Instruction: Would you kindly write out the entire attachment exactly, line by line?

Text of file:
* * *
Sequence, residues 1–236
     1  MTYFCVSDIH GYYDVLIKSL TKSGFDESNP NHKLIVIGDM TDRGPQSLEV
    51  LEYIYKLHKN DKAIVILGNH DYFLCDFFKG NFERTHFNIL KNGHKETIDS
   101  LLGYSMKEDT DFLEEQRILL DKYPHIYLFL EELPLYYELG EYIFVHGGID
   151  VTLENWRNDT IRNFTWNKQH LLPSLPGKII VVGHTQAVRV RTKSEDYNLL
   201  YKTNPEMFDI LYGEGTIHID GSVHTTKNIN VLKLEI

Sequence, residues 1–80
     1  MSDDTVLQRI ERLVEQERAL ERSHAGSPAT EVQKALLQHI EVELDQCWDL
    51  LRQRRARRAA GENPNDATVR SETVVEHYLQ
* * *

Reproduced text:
Sequence, residues 1–236
     1  MTYFCVSDIH GYYDVLIKSL TKSGFDESNP NHKLIVIGDM TDRGPQSLEV
    51  LEYIYKLHKN DKAIVILGNH DYFLCDFFKG NFERTHFNIL KNGHKETIDS
   101  LLGYSMKEDT DFLEEQRILL DKYPHIYLFL EELPLYYELG EYIFVHGGID
   151  VTLENWRNDT IRNFTWNKQH LLPSLPGKII VVGHTQAVRV RTKSEDYNLL
   201  YKTNPEMFDI LYGEGTIHID GSVHTTKNIN VLKLEI

Sequence, residues 1–80
     1  MSDDTVLQRI ERLVEQERAL ERSHAGSPAT EVQKALLQHI EVELDQCWDL
    51  LRQRRARRAA GENPNDATVR SETVVEHYLQ